I like Teva’s. I do. In other reviews here I’ve described how their strappy Velcro sandals crated a whole new class of sandals that defined river foot ware.
I really, really, really want to like their flip flops, which is why I’ve gone back to the Teva well time after time hoping to quench my thirst for an amazing pair of Teva flip flops, yet my thirst remains.
I’m forced to conclude that Teva just can’t make a good pair of flip flops and that they should stick to sandals.
I suppose that my hope for a stellar pair of Teva flip flops is similar to hoping that Ferrari would make an affordable, practical and family friendly minivan. Or that Michael Jordan were a better knitter. Or that my dog could vacuum. It’s just not who they are.
Now that I know this, I realize I shouldn’t have been surprised by my disappointment in the Teva Voya flip flops. As soon as I held them, I knew they’d fall short.
They’re incredibly light so light that they feel like they’re made of foamed milk, which makes them feel cheap.
I suppose that Teva’s commitment to make all their foot ware float is to blame. But there’s got to be a way to make them buoyant yet substantial. They feel like toy flip flops.
The main sole is made of a fluffy rubber that is a bit too thick to be fashionable. This causes them to be the worst of both worlds, simultaneously light and bulky.
To top things off the footbed is lined with a quarter inch of neoprene-like foam rubber which makes them even more bulky and even cheaper. The nylon straps have a nice earth tone rectangular pattern on them and would look great on another pair of flip flops.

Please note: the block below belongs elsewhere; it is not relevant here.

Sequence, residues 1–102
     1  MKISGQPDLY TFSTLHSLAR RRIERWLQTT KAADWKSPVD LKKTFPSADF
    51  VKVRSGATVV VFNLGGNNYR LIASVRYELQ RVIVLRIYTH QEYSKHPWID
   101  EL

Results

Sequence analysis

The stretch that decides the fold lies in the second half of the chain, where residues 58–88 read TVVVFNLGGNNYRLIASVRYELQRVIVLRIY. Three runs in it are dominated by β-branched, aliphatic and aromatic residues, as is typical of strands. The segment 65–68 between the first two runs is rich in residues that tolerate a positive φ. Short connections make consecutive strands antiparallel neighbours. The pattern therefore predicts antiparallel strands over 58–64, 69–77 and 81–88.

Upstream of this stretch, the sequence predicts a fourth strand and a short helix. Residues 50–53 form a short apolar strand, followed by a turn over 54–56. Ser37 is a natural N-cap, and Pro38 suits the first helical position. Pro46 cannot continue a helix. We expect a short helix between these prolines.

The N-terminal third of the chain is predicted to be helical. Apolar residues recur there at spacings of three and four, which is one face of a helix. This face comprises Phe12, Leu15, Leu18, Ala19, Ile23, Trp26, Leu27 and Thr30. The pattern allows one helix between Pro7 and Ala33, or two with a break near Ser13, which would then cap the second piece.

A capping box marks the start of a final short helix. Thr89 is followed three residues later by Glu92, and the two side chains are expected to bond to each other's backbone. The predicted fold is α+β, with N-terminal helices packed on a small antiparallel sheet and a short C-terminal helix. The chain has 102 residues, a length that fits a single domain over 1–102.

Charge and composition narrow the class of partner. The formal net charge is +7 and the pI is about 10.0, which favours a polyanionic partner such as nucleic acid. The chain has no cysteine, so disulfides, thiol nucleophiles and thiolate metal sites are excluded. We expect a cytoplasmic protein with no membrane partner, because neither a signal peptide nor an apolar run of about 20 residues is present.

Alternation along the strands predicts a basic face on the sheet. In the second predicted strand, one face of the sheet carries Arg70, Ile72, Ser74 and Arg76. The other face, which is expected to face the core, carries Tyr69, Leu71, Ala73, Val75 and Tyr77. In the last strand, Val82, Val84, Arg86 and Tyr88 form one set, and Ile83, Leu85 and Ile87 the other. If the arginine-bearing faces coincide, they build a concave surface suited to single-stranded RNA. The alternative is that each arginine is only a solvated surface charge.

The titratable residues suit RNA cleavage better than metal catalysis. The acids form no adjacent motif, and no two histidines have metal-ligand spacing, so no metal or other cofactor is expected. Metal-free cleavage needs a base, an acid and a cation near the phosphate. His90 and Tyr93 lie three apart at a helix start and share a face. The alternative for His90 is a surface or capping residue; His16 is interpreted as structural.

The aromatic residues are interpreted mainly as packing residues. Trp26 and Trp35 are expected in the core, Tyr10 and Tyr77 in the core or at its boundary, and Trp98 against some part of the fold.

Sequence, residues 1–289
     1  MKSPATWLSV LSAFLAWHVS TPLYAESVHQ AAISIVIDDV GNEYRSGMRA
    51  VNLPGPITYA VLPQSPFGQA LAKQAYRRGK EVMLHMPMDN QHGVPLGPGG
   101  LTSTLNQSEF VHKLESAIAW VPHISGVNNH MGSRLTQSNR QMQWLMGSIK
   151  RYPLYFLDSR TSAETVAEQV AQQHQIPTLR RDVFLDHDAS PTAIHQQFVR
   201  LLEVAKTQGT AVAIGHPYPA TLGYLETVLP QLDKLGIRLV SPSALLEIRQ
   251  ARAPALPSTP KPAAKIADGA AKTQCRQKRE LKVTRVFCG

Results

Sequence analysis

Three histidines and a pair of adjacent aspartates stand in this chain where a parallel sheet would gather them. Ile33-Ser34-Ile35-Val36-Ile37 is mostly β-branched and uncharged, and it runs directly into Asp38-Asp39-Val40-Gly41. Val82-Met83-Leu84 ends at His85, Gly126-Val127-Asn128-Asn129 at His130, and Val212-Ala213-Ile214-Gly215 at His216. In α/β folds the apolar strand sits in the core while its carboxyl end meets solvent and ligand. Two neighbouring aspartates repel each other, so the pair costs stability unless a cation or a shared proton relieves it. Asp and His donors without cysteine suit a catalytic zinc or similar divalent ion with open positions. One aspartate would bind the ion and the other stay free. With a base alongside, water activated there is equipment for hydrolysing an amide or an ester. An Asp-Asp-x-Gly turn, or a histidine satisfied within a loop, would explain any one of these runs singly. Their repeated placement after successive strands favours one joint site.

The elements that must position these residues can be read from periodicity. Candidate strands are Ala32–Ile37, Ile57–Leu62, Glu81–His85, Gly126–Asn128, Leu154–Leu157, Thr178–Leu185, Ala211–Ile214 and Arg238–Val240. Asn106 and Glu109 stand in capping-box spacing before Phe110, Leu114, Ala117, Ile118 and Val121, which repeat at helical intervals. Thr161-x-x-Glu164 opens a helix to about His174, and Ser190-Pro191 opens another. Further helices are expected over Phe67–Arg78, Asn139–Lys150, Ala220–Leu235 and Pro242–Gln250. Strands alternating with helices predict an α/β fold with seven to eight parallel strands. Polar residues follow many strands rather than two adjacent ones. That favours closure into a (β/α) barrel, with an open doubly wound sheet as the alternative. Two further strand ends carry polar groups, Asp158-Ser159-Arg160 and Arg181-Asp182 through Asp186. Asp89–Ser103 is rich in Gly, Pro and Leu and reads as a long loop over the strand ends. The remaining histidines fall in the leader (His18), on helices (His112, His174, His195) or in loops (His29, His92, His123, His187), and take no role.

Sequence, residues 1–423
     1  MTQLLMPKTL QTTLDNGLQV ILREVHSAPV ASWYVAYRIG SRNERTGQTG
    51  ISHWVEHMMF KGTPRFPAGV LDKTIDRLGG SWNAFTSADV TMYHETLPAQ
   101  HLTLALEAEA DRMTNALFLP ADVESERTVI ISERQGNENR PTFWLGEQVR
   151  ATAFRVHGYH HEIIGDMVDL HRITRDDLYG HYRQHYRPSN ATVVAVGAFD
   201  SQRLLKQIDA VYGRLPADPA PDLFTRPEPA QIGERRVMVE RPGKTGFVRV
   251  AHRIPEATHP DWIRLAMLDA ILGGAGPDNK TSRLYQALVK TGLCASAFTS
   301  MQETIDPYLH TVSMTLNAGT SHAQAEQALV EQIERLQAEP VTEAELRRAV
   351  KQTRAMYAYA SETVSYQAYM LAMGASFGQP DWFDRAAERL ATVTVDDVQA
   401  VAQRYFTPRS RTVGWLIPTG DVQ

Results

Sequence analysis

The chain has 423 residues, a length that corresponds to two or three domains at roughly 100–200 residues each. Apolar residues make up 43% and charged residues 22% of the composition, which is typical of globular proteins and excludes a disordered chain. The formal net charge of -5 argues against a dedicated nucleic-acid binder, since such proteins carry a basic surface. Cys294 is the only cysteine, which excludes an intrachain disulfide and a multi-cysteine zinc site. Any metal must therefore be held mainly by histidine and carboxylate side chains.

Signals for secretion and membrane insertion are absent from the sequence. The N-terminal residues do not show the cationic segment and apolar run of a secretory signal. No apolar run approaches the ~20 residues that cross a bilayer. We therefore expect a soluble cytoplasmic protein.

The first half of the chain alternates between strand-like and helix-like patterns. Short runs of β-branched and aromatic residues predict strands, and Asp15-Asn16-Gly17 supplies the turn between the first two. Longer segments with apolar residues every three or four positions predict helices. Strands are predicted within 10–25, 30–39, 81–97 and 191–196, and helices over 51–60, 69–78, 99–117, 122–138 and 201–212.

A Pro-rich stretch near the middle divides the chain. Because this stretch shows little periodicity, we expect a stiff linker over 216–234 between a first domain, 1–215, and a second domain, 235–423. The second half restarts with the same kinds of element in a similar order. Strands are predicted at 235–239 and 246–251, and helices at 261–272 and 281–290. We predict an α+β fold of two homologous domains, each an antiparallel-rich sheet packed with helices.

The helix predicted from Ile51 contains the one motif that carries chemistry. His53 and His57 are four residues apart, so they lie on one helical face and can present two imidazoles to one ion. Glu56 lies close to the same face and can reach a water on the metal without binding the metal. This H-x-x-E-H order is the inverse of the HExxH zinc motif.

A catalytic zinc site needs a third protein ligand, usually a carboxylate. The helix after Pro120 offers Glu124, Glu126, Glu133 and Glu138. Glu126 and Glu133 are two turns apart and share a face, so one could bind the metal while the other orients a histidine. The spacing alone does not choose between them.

Here they are completely outmatched by the unattractive sole and midsole. Dare I say, lip stick on a pig? Despite the fine look of the straps, they are too loose which, because the flip flops are so light, isn’t really an issue but it’s still sloppy.
These flip flops would work at a beach party or a trip to the grocery store but they’re uninspired and not great to wear.
This means that they’ll be worn a few times and then left in the closet forever. If they were completely bland, they may survive but the fact that they’re not pleasant to wear dooms them.
The fit is loose and cheap, like wearing plastic shoes that are a bit too loose. If only the styling of the straps aligned with the shoe below them. Unfortunately, the cheap bulkiness of the footbed outweigh any style points offered by the straps.
As I’ve experienced with every pair of Teva flip flops I’ve tried the traction is terrible. The outsole is made of a hard-ish rubbery plastic that slips and slides on any smooth dry surface.
I felt like a dog trying walk on a polished tile floor. This plays out on most surfaces wet or dry. So, wear them at your own peril.
Because of the bulky lightness of them and their much too loose straps they really aren’t all that comfortable. In fact, I found that I had to force myself to wear them so that I could review them, never a good sign.
I’m not happy to have to conclude that Teva cannot make a good flip flop. This is strike three and each is just about as bad as the other – I forced a positive review of the Teva Azures and haven’t worn them since, but if you read between the lines even a little it’s obvious that I was faking it.
This must be why they say it’s best to never meet your hero’s lest they let you down.